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As a rule, I stay away from horror/slasher flicks. Who needs to have all that gore sloshing around in one's imagination? I'm familiar with the argument that these films provide young men with a ritual opportunity to display their unflinching bravery while girlfriends burrow into their shoulders with awestruck admiration. I'd have flunked. I well remember going to the men's room seven times (at least) when I saw Alien, in Nashua, New Hampshire, in 1979.

But Severance attracted me for two reasons. One, Toby Stephens. Mr Stephens is the son of Maggie Smith, but I didn't know he existed until I rented a video about the late Princess Margaret, The Queen's Sister. Mr Stephens plays Anthony Armstrong-Jones, Lord Snowdon. I've since read that he prefers the stage to the screen. If that's actually the case, then his participation in Severance is hard to explain.

Or perhaps it isn't. Severance is a first-class satire that is long on menace and short on actual horror. If it were a porn movie, you wouldn't see anybody's privates. A great deal is left to the imagination, which, in my case, certainly rose to the occasion. I was glued to my seat, however, because the movie is also very funny.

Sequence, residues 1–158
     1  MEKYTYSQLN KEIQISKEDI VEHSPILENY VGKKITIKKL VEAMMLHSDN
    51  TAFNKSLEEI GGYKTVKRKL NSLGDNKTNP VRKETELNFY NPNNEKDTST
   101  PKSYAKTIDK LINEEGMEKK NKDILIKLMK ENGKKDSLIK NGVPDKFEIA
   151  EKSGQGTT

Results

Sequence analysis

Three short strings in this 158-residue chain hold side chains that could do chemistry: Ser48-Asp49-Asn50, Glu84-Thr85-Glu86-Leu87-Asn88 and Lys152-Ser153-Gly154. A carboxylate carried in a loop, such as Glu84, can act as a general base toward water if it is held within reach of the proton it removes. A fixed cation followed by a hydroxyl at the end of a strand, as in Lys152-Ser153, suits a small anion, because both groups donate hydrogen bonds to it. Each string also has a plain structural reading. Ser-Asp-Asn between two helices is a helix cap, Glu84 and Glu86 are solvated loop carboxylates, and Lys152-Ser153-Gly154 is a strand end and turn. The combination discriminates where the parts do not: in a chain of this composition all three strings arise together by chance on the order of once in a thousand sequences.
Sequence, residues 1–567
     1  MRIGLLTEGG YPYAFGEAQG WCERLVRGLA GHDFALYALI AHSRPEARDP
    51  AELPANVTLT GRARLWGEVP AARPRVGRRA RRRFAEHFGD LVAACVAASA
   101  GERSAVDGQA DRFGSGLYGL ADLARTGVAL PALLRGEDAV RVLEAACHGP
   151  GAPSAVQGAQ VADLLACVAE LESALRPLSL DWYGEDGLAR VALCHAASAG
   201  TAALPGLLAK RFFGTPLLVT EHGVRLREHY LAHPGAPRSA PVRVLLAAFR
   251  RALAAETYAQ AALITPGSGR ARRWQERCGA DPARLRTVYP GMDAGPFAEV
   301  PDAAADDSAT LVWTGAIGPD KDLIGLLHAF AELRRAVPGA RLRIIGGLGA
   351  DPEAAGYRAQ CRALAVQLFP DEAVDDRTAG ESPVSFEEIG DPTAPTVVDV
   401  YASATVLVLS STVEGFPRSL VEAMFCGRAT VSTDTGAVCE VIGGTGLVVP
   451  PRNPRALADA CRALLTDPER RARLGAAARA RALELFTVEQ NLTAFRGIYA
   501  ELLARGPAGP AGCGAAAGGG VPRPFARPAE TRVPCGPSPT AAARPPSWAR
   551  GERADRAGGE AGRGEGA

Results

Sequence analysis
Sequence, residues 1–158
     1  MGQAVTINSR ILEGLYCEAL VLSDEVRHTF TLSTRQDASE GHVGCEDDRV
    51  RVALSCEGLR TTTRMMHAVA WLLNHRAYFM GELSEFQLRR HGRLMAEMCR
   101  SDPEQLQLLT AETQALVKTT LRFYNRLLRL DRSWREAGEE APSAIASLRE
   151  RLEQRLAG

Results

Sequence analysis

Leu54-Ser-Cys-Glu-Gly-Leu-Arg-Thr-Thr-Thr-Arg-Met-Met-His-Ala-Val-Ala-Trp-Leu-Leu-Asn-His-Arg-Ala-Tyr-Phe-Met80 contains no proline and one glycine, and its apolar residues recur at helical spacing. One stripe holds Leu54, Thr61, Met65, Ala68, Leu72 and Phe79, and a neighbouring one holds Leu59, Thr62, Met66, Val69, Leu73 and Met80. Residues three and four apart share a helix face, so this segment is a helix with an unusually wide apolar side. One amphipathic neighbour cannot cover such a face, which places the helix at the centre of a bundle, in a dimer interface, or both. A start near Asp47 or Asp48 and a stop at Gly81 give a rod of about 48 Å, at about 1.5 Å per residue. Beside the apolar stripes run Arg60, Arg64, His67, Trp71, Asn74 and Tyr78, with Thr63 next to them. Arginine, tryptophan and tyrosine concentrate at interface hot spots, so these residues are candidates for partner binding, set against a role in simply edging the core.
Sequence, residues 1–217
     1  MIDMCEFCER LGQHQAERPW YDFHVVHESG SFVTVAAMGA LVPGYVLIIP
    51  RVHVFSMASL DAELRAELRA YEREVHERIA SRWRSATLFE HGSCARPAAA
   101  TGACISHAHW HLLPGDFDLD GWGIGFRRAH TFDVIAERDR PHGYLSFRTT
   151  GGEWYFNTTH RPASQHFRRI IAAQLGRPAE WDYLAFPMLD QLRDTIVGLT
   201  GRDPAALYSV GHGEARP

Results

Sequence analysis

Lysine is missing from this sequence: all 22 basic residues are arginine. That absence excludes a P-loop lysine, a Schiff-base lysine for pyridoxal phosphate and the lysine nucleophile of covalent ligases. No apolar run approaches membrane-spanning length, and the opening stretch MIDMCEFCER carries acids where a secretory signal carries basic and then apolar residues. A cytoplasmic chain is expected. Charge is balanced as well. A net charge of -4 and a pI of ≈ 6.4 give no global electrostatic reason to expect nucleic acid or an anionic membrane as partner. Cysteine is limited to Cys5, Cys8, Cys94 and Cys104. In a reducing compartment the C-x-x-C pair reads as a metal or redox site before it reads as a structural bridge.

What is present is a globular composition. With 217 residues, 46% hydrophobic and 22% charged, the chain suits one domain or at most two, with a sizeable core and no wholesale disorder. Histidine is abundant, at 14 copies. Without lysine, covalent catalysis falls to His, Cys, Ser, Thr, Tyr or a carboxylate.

The second draw was basic: an eleven-o'clock screening at the Angelika. Once I leave Yorkville, the Angelika is the easiest theatre to get to in all of New York. (The 86th Street East, across the street from my apartment, is showing Shrek III on all four screens. What's one to do?)

I still can't believe that I went to see Severance.


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I remember Toby Stephens from Die Another Day.. Pierce Brosnan's last James Bond Movie. He was the main villain Gustav Graves. He was the only thing worth watching in that film, which I must say, was pretty baaaad!!!

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